ἐς τὰς ἀρούρας δὲ ἀπονηξάμενοι, φησί, καὶ τὰ λήια ὑποκείρουσι καὶ διὰ τῶν δένδρων ἀνέρπουσι καὶ τὰ ὡραῖα δεῖπνον ἔχουσι καὶ τοὺς κλάδους δὲ διακόπτουσιν, οὐδὲ ἐκείνους κατατραγεῖν ἀδυνατοῦντες. οὐκοῦν ἀμυνόμενοι οἱ Κάσπιοι τὴν ἐκ τῶν μυῶν ἐπιδρομήν τε ἅμα καὶ λύμην φείδονται τῶν γαμψωνύχων, οἵπερ οὖν καὶ αὐτοὶ κατὰ νέφη πετόμενοι εἶτα αὐτοὺς ἀνασπῶσιν, καὶ ἰδίαι τινὶ φύσει τοῖς Κασπίοις ἀναστέλλουσι τὸν λιμόν. ἀλώπηκες δὲ αἱ Κάσπιαι, τὸ πλῆθος αὐτῶν τοσοῦτόν ἐστιν ὡς καὶ ἐπιφοιτᾶν οὐ μόνον τοῖς αὐλίοις τοῖς κατὰ τοὺς ἀγρούς, ἤδη γε μὴν καὶ ἐς τὰς πόλεις παριέναι. καὶ ἐν οἰκίαι ἀλώπηξ φανεῖται οὐ μὰ Δία ἐπὶ λύμηι οὐδὲ ἁρπαγῆι, ἀλλὰ οἷα τιθασός· καὶ ὑποσαίνουσί τε αἱ Κάσπιοι καὶ ὑπαικάλλουσι τῶν παρ᾽ ἡμῖν κυνιδίων <δίκην>.

οἱ δὲ μύες οἱ τοῖς Κασπίοις ἐπίδημον ὄντες κακόν, μέγεθος αὐτῶν ὅσον κατά γε τοὺς Αἰγυπτίων ἰχνεύμονας ὁρᾶσθαι, ἄγριοι δὲ καὶ δεινοὶ καὶ καρτεροὶ τοὺς ὀδόντας, καὶ διακόψαι τε καὶ διατραγεῖν οἷοί τε εἰσὶ καὶ σίδηρον. τοιοῦτοι δὲ ἄρα καὶ οἱ μύες οἱ ἐν τῆι Τερηδόνι τῆς Βαβυλωνίας (F 7) εἰσίν, ὧνπερ οὖν καὶ τὰς δορὰς οἱ τούτων κάπηλοι ἐς Πέρσας ἄγουσι φόρτον. εἰσὶ δὲ ἁπαλαί, καὶ συνερραμέναι χιτῶνές τε ἅμα γίνονται καὶ ἀλεαίνουσιν αὐτούς. καλοῦνται δὲ ἄρα οὗτοι κανδυτᾶνες, ὡς ἐκείνοις φίλον.

θαυμάσαι δὲ τῶν μυῶν τῶνδε ἄξιον ἄρα καὶ τοῦτο· ἐὰν ἁλῶι μῦς κύουσα, κἆιτα ἐξαιρεθῆι τὸ ἔμβρυον, αὐτῆς δὲ διατμηθείσης ἐκείνης εἶτα μέντοι καὶ αὐτὸ διανοιχθῆι, καὶ ἐκεῖνο ἔχει βρέφος.

Image result for medieval manuscript rats
Ste-Genevieve, MS 143 (Taken from Pinterest)

There are not  independent words for rat mouse in Ancient Greek.

μυόβρωτος: “mouse-eaten”

μυοδόχος: “containing mice”

μυοθήρας: “mouse-catcher”

μυοκτόνος: “mouse-killer”

μυομαχία: “a battle of mice”

μυοπάρων: “a small pirate boat”

μυόχοδον: “mouse dung”

A Testament to the Swollen and the Cut

Sophocles, Fragments 620 (from Troilus)

“The queen lopped off my testicles with a knife…”

σκάλμῃ γὰρ ὄρχεις βασιλὶς ἐκτέμνουσ᾿ ἐμούς

Naevius, Testicularia (A Play About Testicles)

“No! The ones we’ve cut off, I’ll chop up and throw away”

Immo quos scicidimus conscindam atque abiciam.

Xenophon, Cyropaedia 7.5.62

“There is evidence from other animals too: out of control horses stop biting and bucking when they are neutered but they are no less useful in combat. When bulls are castrated they stop being so haughty and difficult but they aren’t deprived of their strength and ability to work. Similarly, when dogs are neutered they stop running away from their owners, but they are no worse at shepherding and hunting.”

ἐτεκμαίρετο δὲ καὶ ἐκ τῶν ἄλλων ζῴων ὅτι οἵ τε ὑβρισταὶ ἵπποι ἐκτεμνόμενοι τοῦ μὲν δάκνειν καὶ ὑβρίζειν ἀποπαύονται, πολεμικοὶ δὲ οὐδὲν ἧττον γίγνονται, οἵ τε ταῦροι ἐκτεμνόμενοι τοῦ μὲν μέγα φρονεῖν καὶ ἀπειθεῖν ὑφίενται, τοῦ δ᾽ ἰσχύειν καὶ ἐργάζεσθαι οὐ στερίσκονται, καὶ οἱ κύνες δὲ ὡσαύτως τοῦ μὲν ἀπολείπειν τοὺς δεσπότας ἀποπαύονται ἐκτεμνόμενοι, φυλάττειν δὲ καὶ εἰς θήραν οὐδὲν κακίους γίγνονται.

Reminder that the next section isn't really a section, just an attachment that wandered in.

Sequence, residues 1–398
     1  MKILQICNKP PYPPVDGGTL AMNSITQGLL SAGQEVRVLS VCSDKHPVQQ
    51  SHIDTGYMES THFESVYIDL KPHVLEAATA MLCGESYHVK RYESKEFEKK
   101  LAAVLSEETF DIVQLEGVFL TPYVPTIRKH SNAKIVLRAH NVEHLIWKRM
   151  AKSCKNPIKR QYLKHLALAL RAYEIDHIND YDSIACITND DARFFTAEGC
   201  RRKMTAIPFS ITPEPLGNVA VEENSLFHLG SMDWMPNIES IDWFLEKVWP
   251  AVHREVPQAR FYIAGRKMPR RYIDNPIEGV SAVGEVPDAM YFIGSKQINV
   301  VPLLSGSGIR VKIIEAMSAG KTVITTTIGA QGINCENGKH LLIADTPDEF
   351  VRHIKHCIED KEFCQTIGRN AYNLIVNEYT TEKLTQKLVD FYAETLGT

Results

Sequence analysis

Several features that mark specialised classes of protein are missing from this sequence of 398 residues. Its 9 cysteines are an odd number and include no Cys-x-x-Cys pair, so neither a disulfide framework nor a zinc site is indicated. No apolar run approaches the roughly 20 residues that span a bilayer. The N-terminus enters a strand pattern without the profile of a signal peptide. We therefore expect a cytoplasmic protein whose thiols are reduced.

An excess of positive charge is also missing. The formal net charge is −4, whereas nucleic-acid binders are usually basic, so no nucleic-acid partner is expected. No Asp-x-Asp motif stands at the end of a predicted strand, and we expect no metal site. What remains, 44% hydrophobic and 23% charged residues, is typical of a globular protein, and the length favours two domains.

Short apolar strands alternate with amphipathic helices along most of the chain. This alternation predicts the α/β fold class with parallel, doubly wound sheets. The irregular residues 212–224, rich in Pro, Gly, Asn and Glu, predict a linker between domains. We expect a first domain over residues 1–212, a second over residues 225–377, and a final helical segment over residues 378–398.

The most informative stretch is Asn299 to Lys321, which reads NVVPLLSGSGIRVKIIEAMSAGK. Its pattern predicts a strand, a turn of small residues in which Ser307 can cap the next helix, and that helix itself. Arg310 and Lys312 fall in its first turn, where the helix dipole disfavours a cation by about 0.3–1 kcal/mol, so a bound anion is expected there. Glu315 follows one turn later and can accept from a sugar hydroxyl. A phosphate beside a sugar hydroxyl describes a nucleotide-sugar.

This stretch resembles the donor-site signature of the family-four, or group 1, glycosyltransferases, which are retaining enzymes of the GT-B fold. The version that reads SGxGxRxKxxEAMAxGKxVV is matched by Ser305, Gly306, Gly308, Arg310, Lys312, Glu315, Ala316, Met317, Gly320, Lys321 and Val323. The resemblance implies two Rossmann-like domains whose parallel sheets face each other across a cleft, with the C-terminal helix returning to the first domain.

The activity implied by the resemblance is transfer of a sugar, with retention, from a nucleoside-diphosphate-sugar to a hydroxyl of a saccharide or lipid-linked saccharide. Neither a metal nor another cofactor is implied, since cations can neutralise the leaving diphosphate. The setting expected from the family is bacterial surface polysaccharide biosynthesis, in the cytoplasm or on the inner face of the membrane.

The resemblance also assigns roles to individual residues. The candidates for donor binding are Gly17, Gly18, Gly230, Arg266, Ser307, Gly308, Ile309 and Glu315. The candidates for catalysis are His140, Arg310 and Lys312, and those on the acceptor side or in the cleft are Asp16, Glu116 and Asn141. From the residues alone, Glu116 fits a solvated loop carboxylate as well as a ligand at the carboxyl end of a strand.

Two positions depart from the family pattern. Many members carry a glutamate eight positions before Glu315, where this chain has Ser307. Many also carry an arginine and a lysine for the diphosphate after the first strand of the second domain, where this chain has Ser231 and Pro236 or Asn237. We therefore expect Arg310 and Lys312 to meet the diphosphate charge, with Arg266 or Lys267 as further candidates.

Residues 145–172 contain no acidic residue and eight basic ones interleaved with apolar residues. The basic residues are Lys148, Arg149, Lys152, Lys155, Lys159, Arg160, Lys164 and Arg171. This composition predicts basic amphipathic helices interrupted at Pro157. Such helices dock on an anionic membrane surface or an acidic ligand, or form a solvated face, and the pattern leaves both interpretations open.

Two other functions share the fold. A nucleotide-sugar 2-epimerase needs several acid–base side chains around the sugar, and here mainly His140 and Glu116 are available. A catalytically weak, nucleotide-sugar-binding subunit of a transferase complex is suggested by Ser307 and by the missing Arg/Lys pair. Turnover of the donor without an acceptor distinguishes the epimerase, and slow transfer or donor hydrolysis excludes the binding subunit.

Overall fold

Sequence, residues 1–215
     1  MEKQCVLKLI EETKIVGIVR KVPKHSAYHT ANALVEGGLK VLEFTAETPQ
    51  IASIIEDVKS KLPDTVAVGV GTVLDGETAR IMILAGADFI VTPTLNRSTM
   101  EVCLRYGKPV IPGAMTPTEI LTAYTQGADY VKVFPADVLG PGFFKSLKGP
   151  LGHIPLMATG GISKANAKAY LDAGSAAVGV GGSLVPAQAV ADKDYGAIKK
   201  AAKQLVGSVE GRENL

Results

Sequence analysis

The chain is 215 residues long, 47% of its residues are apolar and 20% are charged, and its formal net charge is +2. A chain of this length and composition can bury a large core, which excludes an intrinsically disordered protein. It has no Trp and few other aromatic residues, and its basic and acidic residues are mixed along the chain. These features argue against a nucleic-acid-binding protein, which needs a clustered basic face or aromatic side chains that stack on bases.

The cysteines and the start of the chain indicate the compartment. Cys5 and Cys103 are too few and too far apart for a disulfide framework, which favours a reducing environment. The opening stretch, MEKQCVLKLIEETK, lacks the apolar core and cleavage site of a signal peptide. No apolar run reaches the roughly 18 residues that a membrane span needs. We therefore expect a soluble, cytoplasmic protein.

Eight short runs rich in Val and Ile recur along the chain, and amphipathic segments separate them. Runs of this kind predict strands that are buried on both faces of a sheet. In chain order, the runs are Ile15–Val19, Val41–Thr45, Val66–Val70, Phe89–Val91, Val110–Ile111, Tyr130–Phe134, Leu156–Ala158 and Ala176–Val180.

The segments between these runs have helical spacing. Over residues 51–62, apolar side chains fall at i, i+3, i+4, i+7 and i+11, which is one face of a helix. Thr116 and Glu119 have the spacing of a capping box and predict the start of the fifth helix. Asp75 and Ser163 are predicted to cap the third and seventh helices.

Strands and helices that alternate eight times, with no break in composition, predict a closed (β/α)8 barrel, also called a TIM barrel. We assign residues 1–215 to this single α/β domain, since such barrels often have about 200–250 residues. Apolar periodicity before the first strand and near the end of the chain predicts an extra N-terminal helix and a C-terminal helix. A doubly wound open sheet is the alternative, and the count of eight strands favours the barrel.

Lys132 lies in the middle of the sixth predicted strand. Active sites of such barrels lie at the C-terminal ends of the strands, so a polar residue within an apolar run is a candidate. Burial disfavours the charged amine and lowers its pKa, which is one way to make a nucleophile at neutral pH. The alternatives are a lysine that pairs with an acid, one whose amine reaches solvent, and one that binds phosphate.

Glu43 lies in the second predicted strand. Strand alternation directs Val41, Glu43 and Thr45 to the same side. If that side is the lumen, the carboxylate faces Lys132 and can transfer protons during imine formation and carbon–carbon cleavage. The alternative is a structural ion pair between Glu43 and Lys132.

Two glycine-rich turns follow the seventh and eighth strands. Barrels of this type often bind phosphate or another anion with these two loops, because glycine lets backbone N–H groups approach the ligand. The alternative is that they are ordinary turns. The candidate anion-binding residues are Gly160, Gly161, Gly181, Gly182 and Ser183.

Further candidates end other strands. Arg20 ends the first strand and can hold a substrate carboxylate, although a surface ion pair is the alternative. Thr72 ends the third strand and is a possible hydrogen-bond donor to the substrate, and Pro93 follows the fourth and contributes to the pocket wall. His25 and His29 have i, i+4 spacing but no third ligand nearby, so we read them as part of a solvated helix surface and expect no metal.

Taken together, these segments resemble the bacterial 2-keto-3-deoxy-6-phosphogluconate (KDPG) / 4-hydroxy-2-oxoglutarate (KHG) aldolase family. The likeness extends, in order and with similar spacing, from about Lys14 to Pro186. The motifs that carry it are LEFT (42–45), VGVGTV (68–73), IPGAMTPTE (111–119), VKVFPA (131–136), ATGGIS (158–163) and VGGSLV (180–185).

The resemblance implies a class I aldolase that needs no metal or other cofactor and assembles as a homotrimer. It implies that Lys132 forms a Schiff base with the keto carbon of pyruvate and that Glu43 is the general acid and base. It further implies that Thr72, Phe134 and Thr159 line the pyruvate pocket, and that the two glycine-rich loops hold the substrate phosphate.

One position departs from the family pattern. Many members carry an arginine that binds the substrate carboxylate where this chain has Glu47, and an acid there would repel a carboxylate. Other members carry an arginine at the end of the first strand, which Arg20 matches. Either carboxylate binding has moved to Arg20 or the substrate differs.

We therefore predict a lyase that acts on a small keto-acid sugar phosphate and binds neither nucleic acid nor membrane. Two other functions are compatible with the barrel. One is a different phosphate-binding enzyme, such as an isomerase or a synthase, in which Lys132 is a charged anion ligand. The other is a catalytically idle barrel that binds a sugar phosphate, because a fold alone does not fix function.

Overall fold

Castration of animals has been practiced for around 8.000 years!

Diog. Laert. 8.34–35.

“Aristotle claims in his work On the Pythagoreans that [Pythagoras] told people to refrain from beans either because they look like testicles or the gates of Hell.”

φησὶ δ’ Ἀριστοτέλης ἐν τῷ Περὶ τῶν Πυθαγορείων παραγγέλλειν αὐτὸν ἀπέχεσθαι τῶν κυάμων ἤτοι ὅτι αἰδοίοις εἰσὶν ὅμοιοι, ἢ ὅτι Ἅιδου πύλαις

Martial, Epigram 9.27

“You’re walking around with shaved balls, Chrestus”

Cum depilatos, Chreste, coleos portes

Celsus, On Medicine 4.7

“If a swelling develops in the testicles when they haven’t been struck, blood should be let from the ankle; the patient should fast; and the swelling should be treated with bean meal cooked in honeyed-wine or rubbed with cumin with boiled honey; or ground cumin with rose oil, or wheat flour with honey wine and cypress roots; or the root of a lily, pounded.

In testiculis vero si qua inflammatio sine ictu orta est, sanguis a talo mittendus est; a cibo abstinendum; inponenda ex faba farina eo ex mulso cocta cum cumino contrito et ex melle cocto; aut contritum cuminum cum cerato ex rosa facto; aut lini semen frictum, contritum et in mulso coctum; aut tritici farina ex mulso cocta cum cupresso; aut lilii radix contrita.

Aristotle, Historia Animalium 7.50.20

“All animals who have testicles can be castrated.”

 ἐκτέμνεται δὲ τῶν ζῴων ὅσα ἔχει ὄρχεις.

Check out Sarah Bond’s short bibliography on eunuchs, marginality, and gender in the pre-modern world

Martial, Epigram 3.24.3-5

“By chance he told some country bumpkin
To chop off the goat’s testicles quickly with a sharp scythe
And get rid of that annoying stink of unclean meat.”

dixerat agresti forte rudique viro
ut cito testiculos †et acuta† falce secaret,